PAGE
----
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J Immunol. 1997 Dec 15;159(12):6070-6.

Determination of adenosine deaminase binding domain on CD26 and its immunoregulatory effect on T cell activation.

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1
Department of Medicine, Harvard Medical School, Boston, MA 02115, USA.

Abstract

CD26, a 110-kDa cell surface glycoprotein, exhibits dipeptidyl peptidase IV enzyme activity and plays an important role in T cell costimulation. In the present study, we examined both the exact adenosine deaminase (ADA) binding domain on CD26 and the functional consequences of mutated CD26 transfectants that were deficient for cell surface ADA. Using CD26 deletion, human-rat swap, and point mutations, we found that the residues of L340, V341, A342, and R343 on the CD26 molecule were essential amino acids for ADA binding. When these amino acids were mutated and transfected into Jurkat cells, the resultant CD26 transfectants expressed only CD26, not ADA, on the cell surface. The amount of IL-2 produced by wild-type and mutated CD26 transfectants was almost the same following stimulation with anti-CD3 plus PMA. However, the mutated CD26 transfectants were much more sensitive to the inhibitory effect of adenosine on IL-2 production than were the wild CD26 transfectants. These data suggest that ADA on the cell surface does not directly involve T cell activation. Conversely, CD26 alone does not result in modulating the inhibitory effect of adenosine. Only the ADA bound to CD26 on the cell surface was functional and could counteract the inhibitory effect of elevated extracellular adenosine.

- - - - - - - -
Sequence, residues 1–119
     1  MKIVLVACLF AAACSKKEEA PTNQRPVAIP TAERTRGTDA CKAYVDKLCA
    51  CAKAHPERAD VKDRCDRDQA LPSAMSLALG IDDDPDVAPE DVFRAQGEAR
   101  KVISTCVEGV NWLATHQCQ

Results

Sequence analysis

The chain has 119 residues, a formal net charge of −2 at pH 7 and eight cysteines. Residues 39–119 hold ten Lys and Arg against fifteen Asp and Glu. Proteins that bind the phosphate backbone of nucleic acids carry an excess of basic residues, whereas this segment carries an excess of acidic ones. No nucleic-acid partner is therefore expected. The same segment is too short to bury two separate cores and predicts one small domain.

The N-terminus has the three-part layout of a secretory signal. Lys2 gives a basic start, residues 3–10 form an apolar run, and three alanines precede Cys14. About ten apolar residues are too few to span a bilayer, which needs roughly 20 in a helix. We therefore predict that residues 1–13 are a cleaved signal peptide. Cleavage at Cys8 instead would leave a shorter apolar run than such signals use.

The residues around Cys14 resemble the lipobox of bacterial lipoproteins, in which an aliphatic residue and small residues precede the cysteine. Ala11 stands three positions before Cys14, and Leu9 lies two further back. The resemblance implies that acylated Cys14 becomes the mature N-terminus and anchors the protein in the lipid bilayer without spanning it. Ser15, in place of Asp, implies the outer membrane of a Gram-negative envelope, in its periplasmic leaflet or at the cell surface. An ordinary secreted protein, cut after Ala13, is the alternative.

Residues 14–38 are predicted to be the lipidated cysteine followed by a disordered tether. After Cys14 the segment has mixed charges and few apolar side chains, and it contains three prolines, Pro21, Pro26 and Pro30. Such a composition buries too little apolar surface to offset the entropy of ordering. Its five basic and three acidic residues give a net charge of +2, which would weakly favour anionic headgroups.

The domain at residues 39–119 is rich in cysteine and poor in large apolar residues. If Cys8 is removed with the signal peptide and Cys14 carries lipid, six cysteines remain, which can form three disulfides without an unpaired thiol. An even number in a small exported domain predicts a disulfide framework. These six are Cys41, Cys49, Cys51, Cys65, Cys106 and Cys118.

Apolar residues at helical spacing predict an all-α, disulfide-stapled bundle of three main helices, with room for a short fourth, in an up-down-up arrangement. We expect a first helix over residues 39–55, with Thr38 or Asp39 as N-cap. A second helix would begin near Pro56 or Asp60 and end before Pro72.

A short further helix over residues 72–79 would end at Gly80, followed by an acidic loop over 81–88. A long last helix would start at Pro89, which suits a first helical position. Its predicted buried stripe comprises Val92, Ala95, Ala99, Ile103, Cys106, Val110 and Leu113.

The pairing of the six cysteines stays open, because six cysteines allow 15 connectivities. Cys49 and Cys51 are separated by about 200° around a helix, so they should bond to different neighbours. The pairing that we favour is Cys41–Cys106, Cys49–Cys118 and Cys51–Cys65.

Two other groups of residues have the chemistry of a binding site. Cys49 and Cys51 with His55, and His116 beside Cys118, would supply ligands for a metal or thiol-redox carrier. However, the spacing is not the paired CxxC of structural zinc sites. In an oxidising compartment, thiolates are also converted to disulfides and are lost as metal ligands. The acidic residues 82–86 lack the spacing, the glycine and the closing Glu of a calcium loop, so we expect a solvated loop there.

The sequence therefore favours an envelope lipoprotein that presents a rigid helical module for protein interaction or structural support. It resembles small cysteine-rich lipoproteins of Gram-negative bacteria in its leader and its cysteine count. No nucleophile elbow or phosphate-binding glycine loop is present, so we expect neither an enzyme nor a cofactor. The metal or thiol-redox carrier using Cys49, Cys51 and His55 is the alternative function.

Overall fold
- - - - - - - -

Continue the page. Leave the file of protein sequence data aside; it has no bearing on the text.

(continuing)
PMID:
9550406
[Indexed for MEDLINE]
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